Let’s check this small script
echo foo.1:`date` | tee $HOME/tmp/foo.txt
echo foo.2:`date` | tee -a $HOME/tmp/foo.txt
foo.1:Thu Nov 27 17:34:53 CET 2014
foo.2:Thu Nov 27 17:34:56 CET 2014
Very obvious, I write to the console, wait three seconds, then write to the console.
Ok, let’s take another script that would call this script in the background using &
bar.1:Thu Nov 27 17:36:32 CET 2014
bar.2:Thu Nov 27 17:36:32 CET 2014
foo.1:Thu Nov 27 17:36:32 CET 2014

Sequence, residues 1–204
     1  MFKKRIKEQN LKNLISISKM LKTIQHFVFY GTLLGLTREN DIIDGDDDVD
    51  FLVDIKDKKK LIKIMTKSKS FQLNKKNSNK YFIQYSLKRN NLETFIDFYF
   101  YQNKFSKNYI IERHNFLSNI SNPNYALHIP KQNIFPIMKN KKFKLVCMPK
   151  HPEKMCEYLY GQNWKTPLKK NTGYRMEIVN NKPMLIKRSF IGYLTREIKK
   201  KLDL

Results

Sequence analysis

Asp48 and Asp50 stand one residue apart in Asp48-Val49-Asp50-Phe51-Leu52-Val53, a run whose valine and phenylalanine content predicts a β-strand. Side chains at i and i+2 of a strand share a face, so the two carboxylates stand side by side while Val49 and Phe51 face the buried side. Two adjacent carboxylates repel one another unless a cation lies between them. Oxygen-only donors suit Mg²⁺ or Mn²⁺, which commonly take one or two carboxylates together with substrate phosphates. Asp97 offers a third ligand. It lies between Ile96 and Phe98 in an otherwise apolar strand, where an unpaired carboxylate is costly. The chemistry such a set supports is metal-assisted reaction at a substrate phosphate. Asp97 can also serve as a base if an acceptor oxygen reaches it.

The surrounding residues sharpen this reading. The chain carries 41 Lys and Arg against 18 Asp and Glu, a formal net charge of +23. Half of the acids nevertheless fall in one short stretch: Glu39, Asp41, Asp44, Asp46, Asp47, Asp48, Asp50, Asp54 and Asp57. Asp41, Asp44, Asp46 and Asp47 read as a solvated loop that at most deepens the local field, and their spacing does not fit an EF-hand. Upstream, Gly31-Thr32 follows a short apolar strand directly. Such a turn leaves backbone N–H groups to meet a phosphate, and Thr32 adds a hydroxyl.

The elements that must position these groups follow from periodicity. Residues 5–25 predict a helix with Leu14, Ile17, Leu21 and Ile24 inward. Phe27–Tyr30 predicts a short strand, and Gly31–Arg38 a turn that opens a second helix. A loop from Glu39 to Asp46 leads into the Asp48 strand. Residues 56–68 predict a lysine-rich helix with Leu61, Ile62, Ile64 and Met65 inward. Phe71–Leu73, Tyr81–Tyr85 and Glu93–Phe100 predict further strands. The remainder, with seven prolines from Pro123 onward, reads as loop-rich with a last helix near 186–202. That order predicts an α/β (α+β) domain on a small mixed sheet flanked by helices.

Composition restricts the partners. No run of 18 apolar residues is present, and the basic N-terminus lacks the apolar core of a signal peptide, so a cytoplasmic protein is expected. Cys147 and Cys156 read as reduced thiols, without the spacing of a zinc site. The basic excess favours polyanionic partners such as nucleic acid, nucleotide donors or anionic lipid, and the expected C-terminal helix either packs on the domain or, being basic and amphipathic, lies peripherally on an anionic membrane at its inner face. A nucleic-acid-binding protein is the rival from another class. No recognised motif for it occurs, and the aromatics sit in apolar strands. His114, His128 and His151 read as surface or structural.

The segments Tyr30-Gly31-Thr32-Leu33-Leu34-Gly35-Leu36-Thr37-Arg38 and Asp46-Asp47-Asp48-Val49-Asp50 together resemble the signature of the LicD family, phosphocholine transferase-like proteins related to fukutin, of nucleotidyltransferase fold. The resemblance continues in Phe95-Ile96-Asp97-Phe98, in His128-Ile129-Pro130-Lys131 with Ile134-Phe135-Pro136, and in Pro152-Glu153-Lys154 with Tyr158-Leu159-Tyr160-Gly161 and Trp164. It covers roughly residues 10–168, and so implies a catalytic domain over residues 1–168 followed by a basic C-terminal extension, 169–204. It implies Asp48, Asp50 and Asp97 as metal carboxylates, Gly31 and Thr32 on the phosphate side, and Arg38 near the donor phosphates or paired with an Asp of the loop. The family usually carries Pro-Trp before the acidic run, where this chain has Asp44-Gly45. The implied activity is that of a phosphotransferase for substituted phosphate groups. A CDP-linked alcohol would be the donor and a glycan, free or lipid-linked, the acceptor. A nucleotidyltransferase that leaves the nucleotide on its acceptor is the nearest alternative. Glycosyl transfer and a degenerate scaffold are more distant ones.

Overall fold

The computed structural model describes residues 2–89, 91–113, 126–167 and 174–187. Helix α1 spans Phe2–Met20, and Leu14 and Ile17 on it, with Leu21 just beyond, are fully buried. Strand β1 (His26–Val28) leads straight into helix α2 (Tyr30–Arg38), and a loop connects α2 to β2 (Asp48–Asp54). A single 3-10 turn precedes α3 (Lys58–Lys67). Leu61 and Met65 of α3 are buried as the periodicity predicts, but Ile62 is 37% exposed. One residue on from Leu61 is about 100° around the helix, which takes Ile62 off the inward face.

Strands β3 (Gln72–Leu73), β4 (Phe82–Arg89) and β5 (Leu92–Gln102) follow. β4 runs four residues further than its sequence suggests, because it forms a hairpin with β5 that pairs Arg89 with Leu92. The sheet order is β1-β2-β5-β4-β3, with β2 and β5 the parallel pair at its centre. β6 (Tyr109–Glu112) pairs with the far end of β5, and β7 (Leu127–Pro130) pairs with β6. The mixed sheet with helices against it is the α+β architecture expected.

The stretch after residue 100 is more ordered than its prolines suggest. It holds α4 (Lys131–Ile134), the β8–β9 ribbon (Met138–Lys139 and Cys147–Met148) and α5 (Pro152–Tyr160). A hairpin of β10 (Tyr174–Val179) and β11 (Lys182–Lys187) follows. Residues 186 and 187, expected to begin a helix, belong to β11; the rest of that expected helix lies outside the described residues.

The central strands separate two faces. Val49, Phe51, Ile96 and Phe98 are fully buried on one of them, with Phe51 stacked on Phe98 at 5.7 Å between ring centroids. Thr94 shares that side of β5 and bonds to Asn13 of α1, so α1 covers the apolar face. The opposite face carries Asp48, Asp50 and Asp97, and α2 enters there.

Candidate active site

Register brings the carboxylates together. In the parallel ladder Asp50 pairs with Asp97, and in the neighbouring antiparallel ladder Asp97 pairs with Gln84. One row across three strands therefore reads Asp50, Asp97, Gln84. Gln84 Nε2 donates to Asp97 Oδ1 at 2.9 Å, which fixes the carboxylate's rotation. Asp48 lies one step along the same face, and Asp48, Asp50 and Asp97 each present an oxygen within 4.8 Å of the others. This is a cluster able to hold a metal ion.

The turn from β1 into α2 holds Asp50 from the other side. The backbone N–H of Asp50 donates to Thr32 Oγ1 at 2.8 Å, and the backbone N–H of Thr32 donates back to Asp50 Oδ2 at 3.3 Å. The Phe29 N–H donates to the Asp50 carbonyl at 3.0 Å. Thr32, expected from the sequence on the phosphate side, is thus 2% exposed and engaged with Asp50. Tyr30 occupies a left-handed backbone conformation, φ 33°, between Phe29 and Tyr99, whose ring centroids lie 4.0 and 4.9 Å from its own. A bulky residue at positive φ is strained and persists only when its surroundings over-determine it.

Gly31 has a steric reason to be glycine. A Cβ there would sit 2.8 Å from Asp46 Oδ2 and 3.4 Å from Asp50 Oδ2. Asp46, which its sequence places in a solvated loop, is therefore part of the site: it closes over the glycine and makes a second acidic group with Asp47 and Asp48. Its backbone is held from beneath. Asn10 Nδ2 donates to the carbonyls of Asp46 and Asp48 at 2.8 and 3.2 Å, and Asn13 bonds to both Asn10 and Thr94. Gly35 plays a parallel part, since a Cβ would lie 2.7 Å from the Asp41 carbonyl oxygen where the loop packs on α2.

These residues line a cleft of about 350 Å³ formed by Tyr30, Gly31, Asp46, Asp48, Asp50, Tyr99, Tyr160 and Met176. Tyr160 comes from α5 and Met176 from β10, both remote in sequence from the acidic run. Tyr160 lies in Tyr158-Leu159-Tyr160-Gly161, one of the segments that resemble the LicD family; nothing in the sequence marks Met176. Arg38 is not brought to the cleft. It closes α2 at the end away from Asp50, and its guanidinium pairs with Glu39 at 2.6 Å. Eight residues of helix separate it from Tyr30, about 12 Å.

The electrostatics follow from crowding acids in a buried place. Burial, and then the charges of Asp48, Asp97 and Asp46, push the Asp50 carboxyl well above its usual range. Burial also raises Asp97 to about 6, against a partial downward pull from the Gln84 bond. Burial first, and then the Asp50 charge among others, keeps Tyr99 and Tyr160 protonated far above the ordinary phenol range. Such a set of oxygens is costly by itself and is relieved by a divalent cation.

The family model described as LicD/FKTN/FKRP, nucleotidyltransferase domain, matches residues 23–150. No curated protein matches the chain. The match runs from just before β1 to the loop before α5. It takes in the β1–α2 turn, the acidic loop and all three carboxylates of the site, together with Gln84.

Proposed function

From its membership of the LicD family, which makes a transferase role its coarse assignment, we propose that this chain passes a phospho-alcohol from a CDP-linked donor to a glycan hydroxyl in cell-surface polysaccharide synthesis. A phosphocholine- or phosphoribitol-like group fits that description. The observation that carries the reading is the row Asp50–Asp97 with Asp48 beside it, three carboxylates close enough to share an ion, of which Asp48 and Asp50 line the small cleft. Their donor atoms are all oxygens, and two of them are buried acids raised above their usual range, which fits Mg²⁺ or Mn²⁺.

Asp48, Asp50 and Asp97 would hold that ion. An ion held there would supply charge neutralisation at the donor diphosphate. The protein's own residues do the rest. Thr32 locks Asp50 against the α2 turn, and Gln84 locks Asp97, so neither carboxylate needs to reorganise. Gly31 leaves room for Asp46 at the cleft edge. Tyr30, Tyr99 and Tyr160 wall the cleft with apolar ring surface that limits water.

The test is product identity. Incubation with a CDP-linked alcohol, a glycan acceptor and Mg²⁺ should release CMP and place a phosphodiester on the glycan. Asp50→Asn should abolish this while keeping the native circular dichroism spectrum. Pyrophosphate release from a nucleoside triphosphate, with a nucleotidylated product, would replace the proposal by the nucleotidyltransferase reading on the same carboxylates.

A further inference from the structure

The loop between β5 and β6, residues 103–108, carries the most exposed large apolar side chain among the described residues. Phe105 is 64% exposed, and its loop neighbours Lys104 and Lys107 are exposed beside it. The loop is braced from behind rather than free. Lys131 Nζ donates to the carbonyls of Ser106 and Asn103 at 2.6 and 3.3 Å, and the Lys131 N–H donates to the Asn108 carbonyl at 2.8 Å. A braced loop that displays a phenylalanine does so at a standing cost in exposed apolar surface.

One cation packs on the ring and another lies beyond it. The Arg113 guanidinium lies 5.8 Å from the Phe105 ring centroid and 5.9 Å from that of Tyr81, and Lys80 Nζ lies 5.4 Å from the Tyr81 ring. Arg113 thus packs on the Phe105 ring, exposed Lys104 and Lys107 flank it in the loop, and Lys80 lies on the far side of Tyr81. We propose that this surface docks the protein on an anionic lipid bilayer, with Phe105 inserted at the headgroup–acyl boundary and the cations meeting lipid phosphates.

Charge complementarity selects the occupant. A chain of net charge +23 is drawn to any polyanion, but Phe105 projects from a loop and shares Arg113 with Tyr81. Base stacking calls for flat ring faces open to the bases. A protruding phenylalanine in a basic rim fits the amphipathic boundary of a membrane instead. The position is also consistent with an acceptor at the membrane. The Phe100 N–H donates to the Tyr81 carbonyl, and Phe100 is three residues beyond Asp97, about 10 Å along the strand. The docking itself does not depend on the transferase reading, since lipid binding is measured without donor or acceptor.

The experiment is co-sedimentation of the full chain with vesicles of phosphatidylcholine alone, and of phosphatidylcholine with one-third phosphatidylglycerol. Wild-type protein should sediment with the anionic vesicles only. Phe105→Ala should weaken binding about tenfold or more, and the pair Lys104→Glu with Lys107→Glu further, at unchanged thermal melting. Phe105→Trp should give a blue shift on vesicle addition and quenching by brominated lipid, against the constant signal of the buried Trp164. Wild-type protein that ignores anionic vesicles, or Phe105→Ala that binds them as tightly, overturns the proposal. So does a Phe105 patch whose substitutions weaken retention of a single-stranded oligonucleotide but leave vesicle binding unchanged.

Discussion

foo.2:Thu Nov 27 17:36:35 CET 2014
bar is printing the date, calling
foo in the background, then printing the date, then it returns to you, and
foo is still running.
BUT this is only in a relative background …
Let’s try this
$ time $HOME/tmp/bar.sh > /dev/null
So it takes no time to run
bar you believe ?
Let’s try, for instance, over ssh (or cron or whatever)
$ time ssh localhost $HOME/tmp/bar.sh > /dev/null
bar suddenly waits 3 seconds for
foo to finish.
To be sure the script is sent to the farest background, you need to close the file descriptors, stdin, stdout, stderr
I rewrote it as
$HOME/tmp/foo.sh <&- >&- 2>&- &
$ time ssh localhost $HOME/tmp/baz.sh >/dev/null
Now the script
baz is immediately finished and does not wait for
foo to complete